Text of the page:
08 Aug CBD Cannabidiol Is Flexing its Muscles on the Marijuana Industry
Consumers can buy hemp-derived CBD products in Walmart (WMT) , CVS (CVS) and if anyone still goes to the mall, you can buy it at Abercrombie & Fitch (ANF) or American Eagle Outfitters (AEO) . It feels like the product has jumped the shark already, but according to a new report by Headset, the CBD tsunami is just beginning.
“CBD will eventually take up the majority of sales among non-inhalable products, and potentially even the cannabis industry at large,” said the new report, titled Understanding The CBD Market In State Legal Cannabis. “Given how popular it already is, and how popular it is set to become, CBD is a serious force to be reckoned with.”
Data company Statista seems to agree. Their analyst Matej Mikulic wrote, “It is expected that U.S. consumer sales of cannabidiol — usually abbreviated as CBD — will reach around $1.8 billion by 2022. That would be a massive increase from around half a billion dollars in 2018. Thus, the CBD consumer market is following the trend of the total legal cannabis market in the United States, which is projected to be a $2 billion business by 2025.”
Headset is a cannabis data company that receives its information from dispensary sales in California, Colorado, Nevada and Washington. The company said that at the rate CBD sales are happening, the market will be bigger that adult-use marijuana. Headset counted any product that had CBD in the name and more than 1mg of CBD. The data spanned 2015 to May 2019.
This information is only on CBD products sold in legal dispensaries, so it doesn’t include the over-the-counter CBD product sales. However, it does inform the market of what to expect with those sales. Google Trends also confirms the spike in inquiries from internet users wanting to know more about CBD.
While recreational marijuana consumers are gravitating towards vape pens, CBD users aren’t. Vape is the fastest growing form factor category in the cannabis industry today, but CBD consumers prefer topicals, tinctures and edibles. This health conscious consumer does not equate vaping with the wellness lifestyle they embody.
Topical CBD product sales grew by 60% as consumers like to use the products for inflammation and pain. They also like their CBD in beverages. As people begin to reduce their consumption of alcoholic drinks, CBD beverages are jumping in as a replacement.
Edible CBD products aren’t the most popular choice of form factor for these consumers, but Headset noticed one preference that stood out. Gummies. It seems baked goods like brownies retain the recreational marijuana image. But 50% of these consumers bought gummies. Headset said, “If your company is producing gummies, but not CBD gummies, you may want to adjust course.”
You Get What You Pay For
Unlike some products, the cost per item goes up depending on how much CBD is packed into it. Headset said that products with 600mg of CBD or more typically cost over $50 per item, while products with less than 400 milligrams of CBD cost under $50. Below 200 milligrams and the prices fall below $40 and can even dip below $20.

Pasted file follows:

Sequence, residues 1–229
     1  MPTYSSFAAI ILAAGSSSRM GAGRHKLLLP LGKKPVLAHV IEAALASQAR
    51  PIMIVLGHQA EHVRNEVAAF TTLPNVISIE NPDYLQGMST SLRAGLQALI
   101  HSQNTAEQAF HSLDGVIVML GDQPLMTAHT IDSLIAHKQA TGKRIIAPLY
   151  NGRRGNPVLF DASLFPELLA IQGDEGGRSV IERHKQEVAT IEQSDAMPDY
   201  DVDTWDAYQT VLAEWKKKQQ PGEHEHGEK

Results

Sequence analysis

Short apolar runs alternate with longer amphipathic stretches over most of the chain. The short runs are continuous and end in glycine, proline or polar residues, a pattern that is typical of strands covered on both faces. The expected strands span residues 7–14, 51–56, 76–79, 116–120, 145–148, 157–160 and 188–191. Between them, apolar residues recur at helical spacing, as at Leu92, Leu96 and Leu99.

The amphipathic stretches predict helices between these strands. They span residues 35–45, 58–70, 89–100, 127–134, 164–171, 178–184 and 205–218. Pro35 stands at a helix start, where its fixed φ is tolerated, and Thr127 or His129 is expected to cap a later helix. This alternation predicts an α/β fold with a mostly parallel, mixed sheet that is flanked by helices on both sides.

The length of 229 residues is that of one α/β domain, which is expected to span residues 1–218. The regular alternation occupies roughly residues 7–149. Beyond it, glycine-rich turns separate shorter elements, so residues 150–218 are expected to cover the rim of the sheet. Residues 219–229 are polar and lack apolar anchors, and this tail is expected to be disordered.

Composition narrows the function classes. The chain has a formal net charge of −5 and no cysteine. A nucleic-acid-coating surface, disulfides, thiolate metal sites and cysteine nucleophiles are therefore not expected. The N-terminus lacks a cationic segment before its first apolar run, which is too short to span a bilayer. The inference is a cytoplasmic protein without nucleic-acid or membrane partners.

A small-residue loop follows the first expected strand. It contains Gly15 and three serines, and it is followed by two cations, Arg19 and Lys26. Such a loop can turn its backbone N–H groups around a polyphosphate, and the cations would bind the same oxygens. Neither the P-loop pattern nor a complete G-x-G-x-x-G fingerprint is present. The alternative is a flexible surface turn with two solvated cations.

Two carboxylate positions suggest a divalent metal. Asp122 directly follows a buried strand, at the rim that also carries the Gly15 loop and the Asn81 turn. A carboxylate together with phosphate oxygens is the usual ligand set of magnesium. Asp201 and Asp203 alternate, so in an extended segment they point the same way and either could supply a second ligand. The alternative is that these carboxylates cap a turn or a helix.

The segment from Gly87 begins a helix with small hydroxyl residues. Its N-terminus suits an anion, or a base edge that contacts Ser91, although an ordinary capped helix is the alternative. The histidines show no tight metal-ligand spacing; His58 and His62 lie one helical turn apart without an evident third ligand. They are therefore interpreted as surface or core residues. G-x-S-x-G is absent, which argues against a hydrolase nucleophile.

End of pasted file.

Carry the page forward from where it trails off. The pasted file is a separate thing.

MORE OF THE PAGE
The report also noted that average price per CBD item has risen $5 since 2015. CBD products have grown from being 3% of a dispensary shopping cart to 7%. With both the shopping cart and prices rising, shoppers are demonstrating their growing demand for CBD.
Cannabis Companies Jumping In
This trend has not been lost on companies more heavily associated with medical marijuana. Tilray (TLRY) spent $318 million to acquire Manitoba Harvest, which is the world’s largest hemp food company. Earlier this year, Tilray made the announcement, saying it would incur no debt to do so. Cowen & Co. analyst Vivien Azer said the deal gives Tilray “access to a broad portfolio of food products that are currently distributed in 16,000 stores in the U.S. and Canada, with the opportunity to expand beyond the food category, including extracts.”
Curaleaf Holdings Inc. (CURLF) targeted the mainstream drug store crowd when it announced in March that CVS would be selling its CBD products. Curaleaf, like Tilray, is better known for its medical marijuana. However, if you can make more money selling a mainstream retail product, why wouldn’t you? “All large retailers are figuring out their hemp strategy and will address that in 2019 because there is such a huge demand,” said Curaleaf CEO Joe Lisardi on the company’s recent earnings call. The company said it expects to be in 800 stores.
Charlotte’s Web Holdings Inc. (CWBHF) has always been about medical marijuana that has been high in CBD, but prior to the 2018 Farm Bill being approved, it’s hemp-derived CBD was considered illegal. It was limited to only dispensaries. Now that the genie is out of the bottle, Charlotte’s Web is leading the pack of CBD producers. The company said that in order to meet the growing demand, its total acres planted for 2019 has been increased to 862. That’s a 187% increase from 300 acres planted in 2018.
“Interest and demand for our products has been exceptional and growing rapidly. Our 2019 planting strategy ensures we will have the required raw materials to deliver on production targets for Charlotte’s Web products through 2020 and into 2021,” stated Deanie Elsner, CEO of Charlotte’s Web. “Our leading CBD hemp varieties under cultivation today are the foundation of our 2020 production plan.”
Move Over Marijuana
The cannabis stock boom has been called the “green rush.” However, the industry may want to come with a term for the hemp hurricane. The hemp-derived CBD market is muscling in and ready to overtake the legal cannabis industry as a leader. Investors may want to review their cannabis company’s strategy for hemp CBD products and make sure it is on par with its competitors.